Displays offer window into businesses’ worlds

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Diane Loschen, marketing manager at The Citadel, says displays should be updated frequently to keep them visual and compelling.

The window display at Terra Verde is covered with black cloth, yet beckons passers-by to look inside — “if they dare.”
The display — which features Terra Verde’s fall line in a “gruesome” Halloween genre — is just one of many along Tejon Street that allow window shoppers to catch a glimpse of the wares inside.
“The windows are extremely important,” said Laszlo Palos, manager at the upscale retailer. “I want to create something that makes people stop in their tracks, stop their hectic lives for a minute. It’s a great opportunity to catch people and it’s what the store is all about.”
Window displays can also serve another purpose, said C.J. Card owner Jean Groat. Often, they let people know that the store offers more than just greeting cards.
“We do displays to let people know we can design and print invitations,” she said. “And people always come in and say, ‘Oh, I didn’t know you did that.’ People looking for cards, they know what we do. Sometimes the window displays are a way to let people know what our other products are.”
Both Palos and Groat say merchandise drives the window display, and both use whimsical displays to attract customers.
“We want to show off the merchandise and reflect the atmosphere inside the store. We take the displays very seriously, but we have fun with it,” Palos said. “We do change it out frequently. We come up with an idea, and pick out merchandise to go with it; or if we have something new, we’ll design the display around that.”
C.J. Card and Terra Verde are celebrating Halloween with displays that feature fun themes.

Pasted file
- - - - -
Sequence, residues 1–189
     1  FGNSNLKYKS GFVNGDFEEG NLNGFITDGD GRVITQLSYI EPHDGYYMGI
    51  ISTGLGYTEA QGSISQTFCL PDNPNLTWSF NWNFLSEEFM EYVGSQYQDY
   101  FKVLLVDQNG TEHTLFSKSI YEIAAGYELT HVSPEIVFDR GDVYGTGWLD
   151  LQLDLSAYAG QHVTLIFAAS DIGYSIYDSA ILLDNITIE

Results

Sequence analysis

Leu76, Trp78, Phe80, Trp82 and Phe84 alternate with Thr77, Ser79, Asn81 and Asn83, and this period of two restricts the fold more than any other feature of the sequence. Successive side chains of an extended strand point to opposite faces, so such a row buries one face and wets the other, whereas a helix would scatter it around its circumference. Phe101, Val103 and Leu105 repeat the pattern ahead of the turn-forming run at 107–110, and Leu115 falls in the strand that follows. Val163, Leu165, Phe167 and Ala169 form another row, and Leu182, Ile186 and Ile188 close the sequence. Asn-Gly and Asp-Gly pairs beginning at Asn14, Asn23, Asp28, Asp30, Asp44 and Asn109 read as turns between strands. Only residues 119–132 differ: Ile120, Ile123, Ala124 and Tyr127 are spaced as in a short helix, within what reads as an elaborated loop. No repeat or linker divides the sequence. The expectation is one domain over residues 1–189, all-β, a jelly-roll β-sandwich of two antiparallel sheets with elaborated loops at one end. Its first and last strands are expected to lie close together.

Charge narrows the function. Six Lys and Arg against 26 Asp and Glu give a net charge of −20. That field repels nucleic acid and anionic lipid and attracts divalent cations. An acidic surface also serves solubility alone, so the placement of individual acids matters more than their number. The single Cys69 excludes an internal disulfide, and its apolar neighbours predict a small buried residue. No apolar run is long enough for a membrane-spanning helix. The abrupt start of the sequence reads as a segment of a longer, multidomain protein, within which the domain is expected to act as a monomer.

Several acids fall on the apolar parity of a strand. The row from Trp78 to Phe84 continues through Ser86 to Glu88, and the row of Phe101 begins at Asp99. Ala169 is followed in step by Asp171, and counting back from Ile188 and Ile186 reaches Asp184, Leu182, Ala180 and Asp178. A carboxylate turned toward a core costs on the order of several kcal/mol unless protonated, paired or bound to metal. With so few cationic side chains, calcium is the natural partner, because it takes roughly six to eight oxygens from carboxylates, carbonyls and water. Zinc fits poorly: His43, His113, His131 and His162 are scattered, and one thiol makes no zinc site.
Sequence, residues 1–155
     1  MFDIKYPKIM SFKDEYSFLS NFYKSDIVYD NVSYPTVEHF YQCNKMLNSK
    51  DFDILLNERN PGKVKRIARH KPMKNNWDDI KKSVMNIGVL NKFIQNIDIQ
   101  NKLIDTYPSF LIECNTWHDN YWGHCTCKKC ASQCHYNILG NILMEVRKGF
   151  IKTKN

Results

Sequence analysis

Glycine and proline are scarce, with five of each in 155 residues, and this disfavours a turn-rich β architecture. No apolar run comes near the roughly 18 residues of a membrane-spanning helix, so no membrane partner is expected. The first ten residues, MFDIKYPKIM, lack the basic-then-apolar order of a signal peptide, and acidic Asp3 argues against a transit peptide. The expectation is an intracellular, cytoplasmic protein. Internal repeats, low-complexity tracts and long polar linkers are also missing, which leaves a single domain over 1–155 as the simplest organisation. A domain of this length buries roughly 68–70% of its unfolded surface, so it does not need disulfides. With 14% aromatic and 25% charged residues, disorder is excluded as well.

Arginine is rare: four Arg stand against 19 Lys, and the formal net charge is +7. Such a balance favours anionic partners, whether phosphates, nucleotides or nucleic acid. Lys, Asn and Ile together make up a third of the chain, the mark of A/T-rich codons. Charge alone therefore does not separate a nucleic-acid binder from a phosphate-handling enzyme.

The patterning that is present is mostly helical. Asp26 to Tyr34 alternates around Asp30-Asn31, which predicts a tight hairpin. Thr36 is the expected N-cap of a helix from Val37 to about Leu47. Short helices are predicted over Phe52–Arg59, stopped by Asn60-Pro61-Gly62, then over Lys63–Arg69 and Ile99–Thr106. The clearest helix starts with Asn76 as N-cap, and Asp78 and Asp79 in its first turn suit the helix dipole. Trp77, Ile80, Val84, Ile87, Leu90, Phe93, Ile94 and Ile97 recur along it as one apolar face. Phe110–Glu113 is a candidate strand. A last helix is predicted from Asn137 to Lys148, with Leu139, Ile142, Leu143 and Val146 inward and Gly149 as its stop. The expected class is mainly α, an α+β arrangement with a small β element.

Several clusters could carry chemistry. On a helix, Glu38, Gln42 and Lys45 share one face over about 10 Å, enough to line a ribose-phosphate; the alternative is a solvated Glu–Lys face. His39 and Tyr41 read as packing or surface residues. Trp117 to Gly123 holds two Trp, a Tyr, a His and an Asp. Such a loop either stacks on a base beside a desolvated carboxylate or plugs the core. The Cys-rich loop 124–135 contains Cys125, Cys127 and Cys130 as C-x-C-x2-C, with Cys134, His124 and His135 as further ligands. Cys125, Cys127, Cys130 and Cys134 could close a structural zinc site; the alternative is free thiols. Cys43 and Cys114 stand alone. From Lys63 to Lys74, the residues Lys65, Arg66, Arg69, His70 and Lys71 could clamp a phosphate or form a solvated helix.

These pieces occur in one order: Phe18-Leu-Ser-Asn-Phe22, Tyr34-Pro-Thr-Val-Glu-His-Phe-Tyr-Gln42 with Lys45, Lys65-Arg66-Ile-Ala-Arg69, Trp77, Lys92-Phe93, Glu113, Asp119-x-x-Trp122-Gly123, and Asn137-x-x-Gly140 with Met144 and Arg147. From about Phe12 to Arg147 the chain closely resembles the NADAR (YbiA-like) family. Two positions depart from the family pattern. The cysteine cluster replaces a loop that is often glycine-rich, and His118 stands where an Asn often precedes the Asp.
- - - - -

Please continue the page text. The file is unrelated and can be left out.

“We frequently have people say they saw the window and come in to see what we have,” Groat said. “It’s a way to put the store in people’s head, so they remember us from our displays.”
The stores rely on staff suggestions, but Groat allows her staff to create the entire display. For the major department stores, however, professional “visual merchandisers” are responsible for changing out store displays frequently, said Diane Loschen, marketing manager for the Citadel Mall.
While Loschen arranges displays in empty store fronts, she also keeps an eye out to make sure stores keep their displays “fresh.”
“From my perspective, I start to get concerned if retailers haven’t changed out every few weeks,” she said. “It’s not a problem for the department stores; they change their displays every week, or every two weeks. We try to keep everything new, fresh and exciting so customers can keep it in their mind — and so they want to come in and take a look at what the store offers.”
Loschen creates displays throughout the mall that feature merchandise from specific stores. Frequently, the displays cause customers to vary their foot traffic and visit a store they wouldn’t normally patronize.
“We display it inside the mall, away from the store’s location,” she said. “People have their own traffic patterns; they park in the same place and go in the mall the same way. We’ve had feedback that they’ve visited a store because they saw additional displays inside the mall. If it’s visual and compelling, then people will enter the store.”
Keeping it “visual and compelling” can be difficult, Palos said. Terra Verde never repeats a display, and after 14 years in business, it can be tough to come up with a new idea.
“We collaborate,” he said. “Because we always have to come up with something new and fresh. Once, we had pajamas with 1920 gas stations on them, so I created a foam model of the gas station and had the mannequins standing by it. Sometimes, we come up with an idea. Once, we used an antique bicycle in the spring, and put baskets of flowers on the seat. We chose outfits that matched the flowers.”
At C.J. Card, the windows also have been memorable. Groat cites two that received the most comments.
“We had a back-to-school theme this year, with lockers,” she said. “Customers really liked that one. Then we did a Desperate Housewives kind of theme with mops, brushes, brooms, work gloves — that kind of thing.”